More than 50 households each have a quarter acre plot, and this week the Ministry of Agriculture is shipping them more seedlings.
And they have not stopped at community planting: they are also working together on group netting, and the catch is shared amongst village households.
Amuri-Ureia MP Terepai Maoate said in a time of world uncertainty because of the economic impact of Covid-19, Aitutaki had to be self-sufficient.
Originally the planting was to produce enough root crops for the 2021 bicentennial celebrations of the arrival of Christianity to the island.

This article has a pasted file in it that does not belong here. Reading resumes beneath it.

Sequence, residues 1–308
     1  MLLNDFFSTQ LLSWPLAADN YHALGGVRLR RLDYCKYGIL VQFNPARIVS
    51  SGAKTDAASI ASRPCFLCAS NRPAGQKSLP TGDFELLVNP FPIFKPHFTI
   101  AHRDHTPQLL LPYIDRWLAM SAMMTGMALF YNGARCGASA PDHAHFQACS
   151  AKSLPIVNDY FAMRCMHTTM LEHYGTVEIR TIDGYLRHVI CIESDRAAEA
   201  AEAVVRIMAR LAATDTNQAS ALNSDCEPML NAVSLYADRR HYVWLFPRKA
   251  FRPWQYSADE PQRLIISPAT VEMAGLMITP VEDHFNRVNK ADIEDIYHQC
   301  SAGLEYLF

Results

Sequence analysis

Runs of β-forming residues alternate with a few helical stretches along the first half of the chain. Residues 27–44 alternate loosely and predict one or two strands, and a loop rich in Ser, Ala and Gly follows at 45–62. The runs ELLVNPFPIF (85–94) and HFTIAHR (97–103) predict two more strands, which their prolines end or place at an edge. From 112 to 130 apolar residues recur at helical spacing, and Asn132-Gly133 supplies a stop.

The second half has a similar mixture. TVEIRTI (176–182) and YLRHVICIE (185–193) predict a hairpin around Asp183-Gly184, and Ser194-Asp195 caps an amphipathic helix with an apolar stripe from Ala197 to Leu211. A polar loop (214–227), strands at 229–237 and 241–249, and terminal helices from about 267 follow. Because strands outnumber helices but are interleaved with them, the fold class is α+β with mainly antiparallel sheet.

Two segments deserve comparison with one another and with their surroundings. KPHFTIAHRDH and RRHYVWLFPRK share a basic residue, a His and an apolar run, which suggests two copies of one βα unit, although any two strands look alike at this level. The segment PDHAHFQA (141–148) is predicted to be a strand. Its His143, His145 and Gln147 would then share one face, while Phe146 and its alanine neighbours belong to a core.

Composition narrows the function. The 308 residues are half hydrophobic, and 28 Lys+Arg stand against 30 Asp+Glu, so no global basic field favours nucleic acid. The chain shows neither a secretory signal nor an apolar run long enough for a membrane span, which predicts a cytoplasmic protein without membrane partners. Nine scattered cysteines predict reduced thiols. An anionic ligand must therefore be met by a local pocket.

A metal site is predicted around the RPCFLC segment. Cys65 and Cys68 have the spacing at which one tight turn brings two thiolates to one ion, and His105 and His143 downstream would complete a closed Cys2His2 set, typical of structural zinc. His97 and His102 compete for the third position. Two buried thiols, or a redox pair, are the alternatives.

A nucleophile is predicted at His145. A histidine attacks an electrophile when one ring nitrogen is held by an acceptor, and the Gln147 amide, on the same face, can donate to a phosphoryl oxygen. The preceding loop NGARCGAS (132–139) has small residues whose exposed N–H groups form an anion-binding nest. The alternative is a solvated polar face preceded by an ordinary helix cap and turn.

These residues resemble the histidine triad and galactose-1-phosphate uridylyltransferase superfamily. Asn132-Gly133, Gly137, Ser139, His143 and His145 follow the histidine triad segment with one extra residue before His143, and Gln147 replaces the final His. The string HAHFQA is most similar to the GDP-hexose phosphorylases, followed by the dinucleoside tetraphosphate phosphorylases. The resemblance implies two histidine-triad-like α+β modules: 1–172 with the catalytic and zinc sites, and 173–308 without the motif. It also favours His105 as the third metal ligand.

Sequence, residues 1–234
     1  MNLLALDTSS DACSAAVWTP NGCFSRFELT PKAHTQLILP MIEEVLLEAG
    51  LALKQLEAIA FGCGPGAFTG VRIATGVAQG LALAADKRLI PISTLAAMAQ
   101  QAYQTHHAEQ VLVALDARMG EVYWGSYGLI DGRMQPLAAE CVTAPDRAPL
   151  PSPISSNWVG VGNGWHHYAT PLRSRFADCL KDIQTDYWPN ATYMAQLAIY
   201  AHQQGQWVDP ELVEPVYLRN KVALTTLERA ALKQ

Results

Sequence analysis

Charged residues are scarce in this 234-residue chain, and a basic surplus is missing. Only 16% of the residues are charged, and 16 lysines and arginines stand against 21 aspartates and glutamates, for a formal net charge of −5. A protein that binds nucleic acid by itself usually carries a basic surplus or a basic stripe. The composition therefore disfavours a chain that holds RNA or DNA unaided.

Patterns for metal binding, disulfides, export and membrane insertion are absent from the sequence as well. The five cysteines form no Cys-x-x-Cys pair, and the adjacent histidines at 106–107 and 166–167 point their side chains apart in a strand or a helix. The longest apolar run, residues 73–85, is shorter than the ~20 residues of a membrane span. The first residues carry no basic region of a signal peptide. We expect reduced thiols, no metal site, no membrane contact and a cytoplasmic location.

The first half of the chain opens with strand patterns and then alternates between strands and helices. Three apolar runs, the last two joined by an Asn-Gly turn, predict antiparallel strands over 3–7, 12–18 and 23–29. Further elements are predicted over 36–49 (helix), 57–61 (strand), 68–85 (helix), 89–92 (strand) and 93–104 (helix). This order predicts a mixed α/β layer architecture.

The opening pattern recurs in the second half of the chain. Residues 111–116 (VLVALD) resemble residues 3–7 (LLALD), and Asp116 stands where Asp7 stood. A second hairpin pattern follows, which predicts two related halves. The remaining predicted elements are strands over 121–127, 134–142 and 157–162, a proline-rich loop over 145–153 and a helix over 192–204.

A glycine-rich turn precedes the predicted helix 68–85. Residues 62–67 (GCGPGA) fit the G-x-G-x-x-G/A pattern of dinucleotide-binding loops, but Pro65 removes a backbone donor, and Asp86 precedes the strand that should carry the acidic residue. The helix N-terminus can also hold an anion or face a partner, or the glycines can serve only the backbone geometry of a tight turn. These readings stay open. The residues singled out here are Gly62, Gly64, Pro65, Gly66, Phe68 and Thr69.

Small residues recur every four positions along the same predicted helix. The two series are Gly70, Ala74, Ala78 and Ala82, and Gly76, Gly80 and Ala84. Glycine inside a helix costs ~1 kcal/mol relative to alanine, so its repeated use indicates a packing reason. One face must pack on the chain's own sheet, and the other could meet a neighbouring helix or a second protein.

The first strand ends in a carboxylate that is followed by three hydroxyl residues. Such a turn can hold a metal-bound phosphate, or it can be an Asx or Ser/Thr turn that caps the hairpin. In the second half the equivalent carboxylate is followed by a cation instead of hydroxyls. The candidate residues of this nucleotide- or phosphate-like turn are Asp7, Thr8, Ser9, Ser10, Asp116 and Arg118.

But with the island in indefinite lockdown and no tourism revenue for an unknown time, the plantations had proven a God-send for the island.
Maoate said the idea was that growers took ownership of the community planting programme, monitored by the Ministry of Agriculture to ensure the plots are managed properly and feed households on the island.
Aitutaki Agriculture division has a three-year standing agreement with each grower to make sure they each use land well; in exchange the growers get the assistance they need – seedlings, irrigation and advice.
Maote has been stranded in Rarotonga since the outer island border closure – but like his fellow islanders, he has been out at sea with nets, rods and spearguns catching fish.
Living at his family home in Ngatangiia, he has been distributing fish and fresh produce to vulnerable families.